Introducing the new range to the Asia-Pacific media and analysts at an enterprise event in Singapore this week, Dell's regional enterprise head, Damien Crotty, highlighted that the four models can use either Intel's 5000 series dual-core Xeon "Dempsey" processor or the new 5100 series "Woodcrest" chips built with Intel's new core microarchitecture.
The Woodcrest systems are expected to offer greater grunt than the lower-priced Dempsey servers, but their lower power consumption and thus higher "performance per watt" ratio are likely to extend their appeal beyond sticker price alone.
Dell's "ninth generation" PowerEdge squad -- so-named because it's the ninth range refresh since Dell entered the server space in 1996 -- ranges from a slim 1U rack model to blade and expandable tower servers.
Crotty says that Dell made "several design changes as a result of customer feedback, partly in the area of useability". This includes a small LCD screen on each server's front panel which display simple status messages and error warnings without the technician needing to log into the management console.
However, Crotty expanded on the company's previous announcement that Dell would break with its Intel-only tradition and release an AMD server by year's end.
"There will be an AMD product that Dell introduces within the high-end space sometime in the latter part of this year," Crotty told ZDNet Australia.
Based on earlier comments by Dell CEO Kevin Rollins, the AMD partnership could initially be limited to a four-way server running AMD's Opteron multiprocessor.
Crotty believes that the performance gains from Intel's dual-core Xeon chips make most multiprocessing servers irrelevant to a large proportion of Dell's current and potential customers.
"We don't see symmetrical multiprocessing as an architecture that's relevant in today's computing environment. In fact, if you look at eight-way, 16-way and 32-way from an aggregate growth perspective they're in double-digit decline. The majority of customers, about 82 percent of customers across this region, are deploying one- and two-way systems.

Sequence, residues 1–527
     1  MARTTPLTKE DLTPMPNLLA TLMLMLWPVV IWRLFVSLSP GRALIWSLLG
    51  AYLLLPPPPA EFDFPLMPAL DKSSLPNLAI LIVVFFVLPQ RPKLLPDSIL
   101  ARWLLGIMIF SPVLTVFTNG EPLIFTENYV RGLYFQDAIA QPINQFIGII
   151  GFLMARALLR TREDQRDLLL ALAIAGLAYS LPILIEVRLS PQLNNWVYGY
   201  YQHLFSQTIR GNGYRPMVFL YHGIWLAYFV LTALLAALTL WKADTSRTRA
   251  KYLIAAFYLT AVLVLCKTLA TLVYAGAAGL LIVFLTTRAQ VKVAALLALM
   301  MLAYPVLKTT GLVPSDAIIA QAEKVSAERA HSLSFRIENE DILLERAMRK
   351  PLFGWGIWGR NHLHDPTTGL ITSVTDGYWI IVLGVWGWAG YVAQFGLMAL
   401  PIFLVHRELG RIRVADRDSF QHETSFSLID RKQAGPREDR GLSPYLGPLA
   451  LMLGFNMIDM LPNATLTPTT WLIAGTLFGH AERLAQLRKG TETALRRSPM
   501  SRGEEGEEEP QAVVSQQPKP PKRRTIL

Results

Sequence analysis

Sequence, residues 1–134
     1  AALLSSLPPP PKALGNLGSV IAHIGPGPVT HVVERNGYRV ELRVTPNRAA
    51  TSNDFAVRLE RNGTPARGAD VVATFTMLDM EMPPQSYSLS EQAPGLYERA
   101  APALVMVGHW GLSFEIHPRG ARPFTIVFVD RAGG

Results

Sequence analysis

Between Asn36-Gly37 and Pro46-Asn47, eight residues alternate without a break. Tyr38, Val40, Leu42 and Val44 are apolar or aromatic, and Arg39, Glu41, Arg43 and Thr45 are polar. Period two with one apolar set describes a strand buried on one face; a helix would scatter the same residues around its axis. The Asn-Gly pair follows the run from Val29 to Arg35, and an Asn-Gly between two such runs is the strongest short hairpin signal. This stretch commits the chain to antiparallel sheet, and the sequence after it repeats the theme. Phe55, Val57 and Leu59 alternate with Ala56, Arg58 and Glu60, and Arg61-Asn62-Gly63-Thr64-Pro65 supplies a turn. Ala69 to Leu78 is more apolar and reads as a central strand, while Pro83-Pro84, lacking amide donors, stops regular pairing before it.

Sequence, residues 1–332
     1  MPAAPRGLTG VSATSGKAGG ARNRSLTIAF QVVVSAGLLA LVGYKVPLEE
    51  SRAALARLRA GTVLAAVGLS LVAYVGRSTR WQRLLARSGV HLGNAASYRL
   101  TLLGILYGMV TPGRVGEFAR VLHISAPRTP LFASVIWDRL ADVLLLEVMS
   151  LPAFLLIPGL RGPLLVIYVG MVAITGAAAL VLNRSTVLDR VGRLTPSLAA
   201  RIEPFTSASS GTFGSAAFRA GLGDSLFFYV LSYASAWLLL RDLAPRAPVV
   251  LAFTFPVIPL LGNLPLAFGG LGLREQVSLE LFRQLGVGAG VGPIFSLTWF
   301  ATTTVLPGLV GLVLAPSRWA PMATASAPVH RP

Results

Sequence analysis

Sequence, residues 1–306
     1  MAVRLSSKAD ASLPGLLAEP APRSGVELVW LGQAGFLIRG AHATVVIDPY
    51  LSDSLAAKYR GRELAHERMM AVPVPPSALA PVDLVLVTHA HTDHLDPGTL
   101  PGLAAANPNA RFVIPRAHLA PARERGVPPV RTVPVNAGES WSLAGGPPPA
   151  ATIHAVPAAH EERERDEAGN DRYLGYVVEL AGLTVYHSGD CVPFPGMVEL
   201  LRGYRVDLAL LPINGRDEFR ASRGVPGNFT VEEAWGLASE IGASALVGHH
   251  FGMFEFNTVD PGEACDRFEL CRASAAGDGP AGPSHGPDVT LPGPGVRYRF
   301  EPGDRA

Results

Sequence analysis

"We believe that instead of scaling up, which is what you do with eight-way and upwards, scaling out -- adding systems as you require them -- allows customers to drive higher CPU utilisation rates, so they're most cost-effective and offer a better return on investment for business."
Crotty also flagged a strong trend among Dell's customers away from pure Unix systems to Linux and Microsoft platforms, especially when running Oracle.
"The compound aggregate growth rate of Oracle on open infrastructure, which is AMD and Intel, is approximately 48 percent over the next five years. If you look at it from a Unix/Oracle perspective the market is planned to depreciate by approximately 12 percent over the next five years, so we're expecting a large number of customers to move away from Unix-oriented platforms to Oracle on Microsoft or Oracle on Linux, both on Intel-based systems."
Crotty cited cost and bang for buck as the prime movers behind this shift. "It's about cost control from both acquisition and asset and lifecycle management perspectives, as well as price-performance. You can effectively get the same level of performance for about one-fifth of the cost."
David Flynn travelled to Singapore as a guest of Dell.